When folks near their dusty end, some get philosophical and reflective. They’ll think back on missed opportunities and regret that they’ve lived like certifiable idiots. Wouldn’t it be grand if we could have such a perspective at, say, the age of 30, when it would do us some good?

There’s nothing particularly insightful here, but these commonplaces have been forgotten, and are even derided in today’s oh-so-sophisticated America. Sometimes it seems that my generation, the Boomers, has screwed things up royally. Can we honestly say that we are leaving behind a better America for our kids? You might think about that when you vote on Tuesday.

I don’t know if it was wise for me to essay an essay on wisdom; what do I know? But if we average Americans don’t grow up a little, and fast, if we don’t get a little wisdom while the getting is good, we may soon find that it’s too late for America. Excuse me while I ride off into the sunset.
Jon N. Hall is a programmer/analyst from Kansas City. • (1686 views)

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20 Responses to Too Late Smart

  1. Brad Nelson Brad Nelson says:

    There are “adult” Americans (well, at least they’re old enough to vote) who are hooked on video games, spectator sports, reality TV, and other diversions that keep them from examining their lives and growing up. Many of us spend much of our lives evading life.

    Indeed. But, of course, that is life as it has now been redefined, for better or for worse. Now that we are a post-meaning society, there is little left to do but twiddle.

  2. Timothy Lane says:

    The ending of Will Penny may have been inspired by the ending of Shane. As for Luciano’s comment, perhaps it was based on the idea from a song in the soundtrack of the musical Oliver! (the play, not the movie) in which Bill Sikes concludes that it’s too late for him to go anywhere but Hell in the end, so he has no intention of turning away from his life of crime.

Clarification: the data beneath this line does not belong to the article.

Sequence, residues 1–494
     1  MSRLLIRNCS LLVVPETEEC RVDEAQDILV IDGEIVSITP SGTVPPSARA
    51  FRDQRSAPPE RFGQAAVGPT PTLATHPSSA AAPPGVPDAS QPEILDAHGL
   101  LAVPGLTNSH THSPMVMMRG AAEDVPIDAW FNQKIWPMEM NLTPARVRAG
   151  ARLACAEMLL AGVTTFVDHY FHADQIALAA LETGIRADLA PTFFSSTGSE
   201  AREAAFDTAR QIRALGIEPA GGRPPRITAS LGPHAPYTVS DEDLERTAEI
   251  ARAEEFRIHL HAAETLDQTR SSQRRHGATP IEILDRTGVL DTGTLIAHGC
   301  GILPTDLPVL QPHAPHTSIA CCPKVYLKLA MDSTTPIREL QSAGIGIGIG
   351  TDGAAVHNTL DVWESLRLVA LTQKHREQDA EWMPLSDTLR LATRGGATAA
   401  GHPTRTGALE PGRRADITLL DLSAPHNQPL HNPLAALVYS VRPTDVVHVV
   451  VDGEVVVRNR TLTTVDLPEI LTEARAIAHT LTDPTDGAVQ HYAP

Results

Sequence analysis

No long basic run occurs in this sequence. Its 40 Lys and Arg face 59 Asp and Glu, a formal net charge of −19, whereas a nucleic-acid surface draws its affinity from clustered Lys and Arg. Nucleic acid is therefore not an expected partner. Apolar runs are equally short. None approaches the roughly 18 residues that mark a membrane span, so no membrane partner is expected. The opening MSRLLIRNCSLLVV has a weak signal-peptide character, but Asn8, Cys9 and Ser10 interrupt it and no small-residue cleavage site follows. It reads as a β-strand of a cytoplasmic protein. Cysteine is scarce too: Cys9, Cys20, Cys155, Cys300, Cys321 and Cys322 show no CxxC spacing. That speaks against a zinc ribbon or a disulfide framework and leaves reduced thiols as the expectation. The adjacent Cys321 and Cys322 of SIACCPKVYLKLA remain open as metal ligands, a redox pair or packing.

3. Anniel says:

    What a wonderful piece, please don’t ride off into the sunset. You call change “an act of intellectual heroism.” I love that line and agree totally. If we just knew how to get people to examine their lives so they can be their own heroes.

  4. Kung Fu Zu Kung Fu Zu says:

    The catalyst for change in Horowitz’s case was the murder of a friend.

    Sadly, too often it is only tragedy which can make one realize one is on the wrong path. This is why many people who have experienced such tragedy, and as a result changed their life path, can find a positive in such tragedy.

    • Timothy Lane says:

      This is the reality behind “A conservative is a liberal who got mugged.” When you have an ideology based on the denial of inconvenient reality (as is the case with liberalism), tragedies are effective at forcing people to confront reality and accept the fraudulence of their ideology. Rarely does anything short of that work.

  5. Rosalys says:

    “A little learning (or knowledge) is a dangerous thing!”

    Regretfully, being of an opinionated disposition, I, have been guilty of the “often wrong, but never in doubt” mentality in my younger days. (Another word for this is arrogance!) The cure each time has been to investigate a little deeper or gain the acquaintance of someone who knows more than I, to the point where I begin to see that in knowing more, the universe of what I don’t know expands exponentially!

    Fortunately, I was brought up in a politically conservative family so that I didn’t have the burden of a progressive mindset to overcome as well!

    I recently heard a sermon by a favorite Bible teacher in which he tells us not to view even the tragedies of life as ultimately tragic, because God uses these events to bring about good to His own glory – only God can bring life from death, joy from desolation, triumph from tragedy! He uses these events to get your attention. I wonder, is it a mark of one’s sensitivity just how big a catastrophe it takes to shock one back into reality?

    However, I also believe that as long as one still has breath it is never too late for the most important things.

  6. Brad Nelson Brad Nelson says:

    Will Penny is one of those rare movies that doesn’t have the standard expected happy ending. And I think the movie would have worked had it gone either way. But I think Will knew himself well enough that he knew it wouldn’t have worked out. I don’t think he was afraid to try. I just think that he thought that sort of life was squarely behind him. It might be easy to forget that the West wasn’t necessarily conquered by home-bodies. A more domestic man might already have been quite domesticated.

    Past a certain point in life, the odds are that the die is cast, the stones are set, and one isn’t likely to change one’s philosophy and ideas.